Thursday, April 25, 2013

Book Review: Teenage Mutant Ninja Turtles: The Ultimate Collection, Vol. 1

Like most people my age elementary school was all about Teenage Mutant Ninja Turtles and I was very sure that I wanted to grow up to be April who was super tough and smart, so when I saw this in the library I was very excited to say the least. This volume covers a massive over arching story line that gives the entire origin story of Splinter and the Turtles from start to finish, introduces the guys to April and Casey and several familiar villains. It also includes in depth notes from on of the creators on the collaboration process, story line inspiration and development, art development and almost personal anecdotes. 

This is not the Ninja Turtles we grew up with. It is much grittier and darker both in it's black and white art style that showcases a seedier side of NYC and it's more serious and at times more grown up storyline. Bad guys die, characters are more violent, teenage turtles drink beer and use not very nice language and all the characters are a little bit more tempestuous. That being said it's very easy to see the roots of the television show we all grew up with (I'd also like to note that I wish the developers of the cartoon had chosen to keep April a scientist. I think that would have been very inspirational to many little girls.)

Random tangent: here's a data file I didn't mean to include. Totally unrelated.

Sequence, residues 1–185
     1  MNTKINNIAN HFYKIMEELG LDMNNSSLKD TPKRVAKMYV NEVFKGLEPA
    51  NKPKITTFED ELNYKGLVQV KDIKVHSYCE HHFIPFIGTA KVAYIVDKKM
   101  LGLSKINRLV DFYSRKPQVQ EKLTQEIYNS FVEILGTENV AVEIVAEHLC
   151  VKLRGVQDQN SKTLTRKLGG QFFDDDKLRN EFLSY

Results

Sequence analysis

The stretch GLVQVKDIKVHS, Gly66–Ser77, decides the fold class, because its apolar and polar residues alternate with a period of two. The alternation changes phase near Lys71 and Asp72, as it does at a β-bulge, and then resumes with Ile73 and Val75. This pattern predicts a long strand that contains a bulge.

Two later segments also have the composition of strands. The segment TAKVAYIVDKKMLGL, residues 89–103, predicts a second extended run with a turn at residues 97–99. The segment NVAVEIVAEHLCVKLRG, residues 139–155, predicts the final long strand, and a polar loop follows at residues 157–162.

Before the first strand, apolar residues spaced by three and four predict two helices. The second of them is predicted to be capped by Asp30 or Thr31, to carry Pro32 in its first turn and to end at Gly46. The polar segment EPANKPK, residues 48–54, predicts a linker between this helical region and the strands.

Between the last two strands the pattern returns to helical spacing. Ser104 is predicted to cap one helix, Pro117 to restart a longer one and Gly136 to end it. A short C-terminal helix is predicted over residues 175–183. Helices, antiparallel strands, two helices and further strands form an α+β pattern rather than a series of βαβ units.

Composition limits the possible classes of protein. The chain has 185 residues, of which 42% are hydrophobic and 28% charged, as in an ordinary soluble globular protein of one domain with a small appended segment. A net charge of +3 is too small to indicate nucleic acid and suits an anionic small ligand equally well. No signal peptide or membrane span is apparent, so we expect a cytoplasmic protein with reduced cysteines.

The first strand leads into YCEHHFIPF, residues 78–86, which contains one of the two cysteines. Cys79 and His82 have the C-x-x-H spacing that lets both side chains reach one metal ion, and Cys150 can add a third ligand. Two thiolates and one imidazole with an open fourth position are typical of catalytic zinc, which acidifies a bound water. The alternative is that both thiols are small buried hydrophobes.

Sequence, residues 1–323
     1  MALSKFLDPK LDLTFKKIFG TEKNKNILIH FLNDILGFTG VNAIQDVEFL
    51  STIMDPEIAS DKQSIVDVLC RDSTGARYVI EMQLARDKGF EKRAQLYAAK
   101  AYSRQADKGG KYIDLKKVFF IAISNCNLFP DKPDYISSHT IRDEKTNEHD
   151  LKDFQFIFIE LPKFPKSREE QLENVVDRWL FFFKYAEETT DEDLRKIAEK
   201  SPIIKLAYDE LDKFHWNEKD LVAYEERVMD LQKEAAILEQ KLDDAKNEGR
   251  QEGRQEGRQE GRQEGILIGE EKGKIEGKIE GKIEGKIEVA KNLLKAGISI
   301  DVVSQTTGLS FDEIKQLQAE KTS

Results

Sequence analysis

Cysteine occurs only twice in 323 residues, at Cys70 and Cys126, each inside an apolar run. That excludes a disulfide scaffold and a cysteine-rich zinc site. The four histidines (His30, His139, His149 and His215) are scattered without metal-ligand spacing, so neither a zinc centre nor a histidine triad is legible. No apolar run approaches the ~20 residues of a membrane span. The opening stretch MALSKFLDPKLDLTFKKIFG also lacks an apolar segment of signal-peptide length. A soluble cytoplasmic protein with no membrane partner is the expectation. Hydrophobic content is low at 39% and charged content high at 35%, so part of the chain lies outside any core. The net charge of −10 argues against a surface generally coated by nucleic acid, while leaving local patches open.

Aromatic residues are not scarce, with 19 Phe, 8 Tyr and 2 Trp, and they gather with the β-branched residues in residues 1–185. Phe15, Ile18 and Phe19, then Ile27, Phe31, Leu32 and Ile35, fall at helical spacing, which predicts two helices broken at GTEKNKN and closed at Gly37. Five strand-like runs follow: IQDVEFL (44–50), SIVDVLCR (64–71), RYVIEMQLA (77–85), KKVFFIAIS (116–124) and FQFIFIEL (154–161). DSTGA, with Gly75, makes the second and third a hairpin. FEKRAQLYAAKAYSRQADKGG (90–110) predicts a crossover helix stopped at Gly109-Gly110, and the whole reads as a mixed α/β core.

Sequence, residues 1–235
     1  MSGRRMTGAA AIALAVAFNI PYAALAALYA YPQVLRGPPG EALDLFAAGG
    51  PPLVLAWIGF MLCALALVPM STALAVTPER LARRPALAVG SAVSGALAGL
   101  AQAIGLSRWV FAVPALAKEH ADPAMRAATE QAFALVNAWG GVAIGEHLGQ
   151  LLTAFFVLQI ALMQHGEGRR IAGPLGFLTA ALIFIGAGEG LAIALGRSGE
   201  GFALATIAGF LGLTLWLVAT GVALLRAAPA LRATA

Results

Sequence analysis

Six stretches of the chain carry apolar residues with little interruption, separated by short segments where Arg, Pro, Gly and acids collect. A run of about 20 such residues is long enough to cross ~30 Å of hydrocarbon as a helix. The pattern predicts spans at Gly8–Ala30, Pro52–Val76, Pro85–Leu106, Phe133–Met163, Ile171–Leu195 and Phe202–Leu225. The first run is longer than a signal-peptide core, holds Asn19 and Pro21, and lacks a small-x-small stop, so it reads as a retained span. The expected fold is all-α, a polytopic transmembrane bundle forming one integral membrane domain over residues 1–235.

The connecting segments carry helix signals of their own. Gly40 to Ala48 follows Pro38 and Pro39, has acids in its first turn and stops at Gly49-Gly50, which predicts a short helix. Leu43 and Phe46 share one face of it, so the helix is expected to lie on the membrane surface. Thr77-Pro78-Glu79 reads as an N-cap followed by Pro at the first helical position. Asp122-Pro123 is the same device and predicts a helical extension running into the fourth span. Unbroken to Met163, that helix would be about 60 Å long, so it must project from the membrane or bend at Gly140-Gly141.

I thought the writers did a great job tying everything into this huge origin story that went out of its way to explain everything from where the ooze came from, their battles with Shredder and the foot and to include a trip across the universe. The creators notes added a lot to the story from funny asides about inspiration, pointing out things about the artwork that I may not have noticed otherwise and showing how this comic grew. I thought these notes added a lot to the reading experience and the story itself sometimes; that being said I appreciate how easy they are to skip over if the reader isn't in the mood. The notes are situated between issues, include page numbers and when something from a particular panel or spread is especially high-lighted they include a small diagram. This is much less intrusive then putting notes on each page for those who aren't interested and doesn't force people to keep flipping back and forth. I'm really glad that there are at least 2 more volumes to look forward to and that I already have one of them at home. 

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